If you need assistance relieving calluses, contact our office. Calluses can be trimmed and comfortable padding applied to these painful areas. In addition to medication to relieve inflammation, cortisone may be injected into the underlying bursal sac to rapidly reduce pain and swelling.

A plantar callus forms when one metatarsal bone is longer or lower than the others, and it hits the ground first-and with more force than it is equipped to handle-at every step. As a result, the skin under this bone thickens like a rock in your shoe. Plantar calluses that are recurring are sometimes removed surgically in a procedure called an osteotomy, which relieves pressure on the bone.

A condition called Intractable Plantar Keratosis (IPK) is a deep callus directly under the ball of the foot. IPK is caused by a "dropped metatarsal," which happens when the metatarsal head drops to a lower level than the surrounding metatarsals and protrudes from the bottom of the foot. This results in more pressure being applied in this area and causes a thick callus to form.

A "dropped metatarsal" can either be a congenital abnormality, a result of a metatarsal fracture, or a structural change that may have occurred over time.

To Prevent Calluses

  • Switch to better shoes, or even an orthotic device.
  • Buy socks with double-thick toes and heels and nylon hose with a woven cotton sole on the bottom of the foot.

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Chronic Lateral Ankle Pain

Chronic lateral ankle pain is recurring or chronic pain on the outside part of the ankle that often develops after repeated ankle sprains.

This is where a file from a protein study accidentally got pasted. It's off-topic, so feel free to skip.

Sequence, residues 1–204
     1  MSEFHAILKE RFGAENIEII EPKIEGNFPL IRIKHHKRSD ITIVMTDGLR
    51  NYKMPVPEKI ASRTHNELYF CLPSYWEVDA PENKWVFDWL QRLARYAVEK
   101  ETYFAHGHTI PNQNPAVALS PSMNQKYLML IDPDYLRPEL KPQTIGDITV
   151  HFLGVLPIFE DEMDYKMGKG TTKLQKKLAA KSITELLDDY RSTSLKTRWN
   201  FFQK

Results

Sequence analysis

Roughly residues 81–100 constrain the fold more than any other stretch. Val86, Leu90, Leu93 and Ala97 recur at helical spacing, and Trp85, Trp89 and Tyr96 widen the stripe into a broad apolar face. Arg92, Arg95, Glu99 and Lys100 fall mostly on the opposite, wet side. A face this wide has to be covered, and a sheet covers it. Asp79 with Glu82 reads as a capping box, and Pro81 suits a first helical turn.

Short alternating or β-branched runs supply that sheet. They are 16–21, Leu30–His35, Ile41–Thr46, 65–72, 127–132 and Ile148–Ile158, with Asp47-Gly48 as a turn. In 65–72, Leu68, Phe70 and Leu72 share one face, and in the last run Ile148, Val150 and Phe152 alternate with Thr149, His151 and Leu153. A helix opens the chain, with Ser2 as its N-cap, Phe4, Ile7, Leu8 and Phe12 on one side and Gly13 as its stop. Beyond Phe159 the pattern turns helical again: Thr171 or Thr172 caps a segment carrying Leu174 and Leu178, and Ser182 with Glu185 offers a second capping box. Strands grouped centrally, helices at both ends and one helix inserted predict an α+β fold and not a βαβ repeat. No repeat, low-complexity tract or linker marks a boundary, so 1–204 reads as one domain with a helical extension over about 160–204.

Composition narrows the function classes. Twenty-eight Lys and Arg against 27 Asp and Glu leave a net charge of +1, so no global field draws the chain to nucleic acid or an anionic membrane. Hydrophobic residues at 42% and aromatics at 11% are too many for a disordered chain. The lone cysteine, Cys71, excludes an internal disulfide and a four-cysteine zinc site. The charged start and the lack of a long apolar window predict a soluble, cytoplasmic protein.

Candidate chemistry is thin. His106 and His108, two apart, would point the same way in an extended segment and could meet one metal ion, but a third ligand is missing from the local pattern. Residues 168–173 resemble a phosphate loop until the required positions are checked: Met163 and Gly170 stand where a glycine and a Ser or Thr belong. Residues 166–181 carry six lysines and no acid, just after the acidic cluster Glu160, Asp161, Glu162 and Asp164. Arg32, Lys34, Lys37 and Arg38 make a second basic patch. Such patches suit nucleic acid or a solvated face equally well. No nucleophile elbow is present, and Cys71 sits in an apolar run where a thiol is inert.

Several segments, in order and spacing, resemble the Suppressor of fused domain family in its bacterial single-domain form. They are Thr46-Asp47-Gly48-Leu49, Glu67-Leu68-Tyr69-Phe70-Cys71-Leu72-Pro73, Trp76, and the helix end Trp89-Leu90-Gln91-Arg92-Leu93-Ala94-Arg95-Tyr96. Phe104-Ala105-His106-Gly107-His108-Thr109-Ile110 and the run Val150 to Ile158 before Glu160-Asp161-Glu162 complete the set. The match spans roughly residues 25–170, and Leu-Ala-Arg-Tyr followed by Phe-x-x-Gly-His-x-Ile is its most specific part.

While ankle sprains are the most common cause of chronic lateral ankle pain, other causes may include:

  • Ankle fractures
  • Arthritis
  • Inflammation of the joint lining.
  • Torn or inflamed ligaments or tendons

Signs and symptoms include:

  • Ankle instability.
  • Difficulty walking on uneven ground or in high heels.
  • Pain, sometimes intense, on the outer side of the ankle.

Treatments for chronic lateral ankle pain involve:

  • Over the counter or prescription anti-inflammatory medications.
  • Physical therapy
  • Ankle braces or other supports.
  • Immobilization

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Corns

Corns are calluses that form on the toes because the bones push up against the shoe and put pressure on the skin. The surface layer of the skin thickens and builds up, irritating the tissues underneath. Hard corns are usually located on the top of the toe or on the side of the small toe. Soft corns resemble open sores and develop between the toes as they rub against each other.

Improperly fitting shoes are a leading cause of corns. Toe deformities, such as hammertoe or claw toe, also can lead to a corns. In a visit to our office, your corns can be shaved with a scalpel. Self care includes soaking your feet regularly and using a pumice stone or callus file to soften and reduce the size of the corn. Special over-the-counter non-medicated donut-shaped foam pads also can help relieve the pressure.

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Diabetic Foot Care

Diabetic Foot CareEvery week thousands of Americans have either a portion of their foot or an entire leg amputated due to complications of diabetes. One of the most common complications of diabetes is Peripheral Neuropathy. Peripheral Neuropathy is a loss of feeling in your feet. This sometimes starts as a burning and tingling sensation in the feet and legs often at night. Individuals often times complain that the bed sheets touching their feet are extremely painful. Loss of sensation can lead to foot ulcers when wearing poorly fitting shoes.

It is noted that only 1 out of 3 diabetics wear properly fitting shoes. The most important aspect of getting properly fitting shoes is having your feet measured correctly. Your feet should be measured both seated and standing because their shape changes depending on your position. Properly fitting, easy to wear shoes are a first line of defense in preventing foot deformity and amputation.

The Medicare Therapeutic Shoe Program pays for shoes for all diabetic patients that meet the following criteria: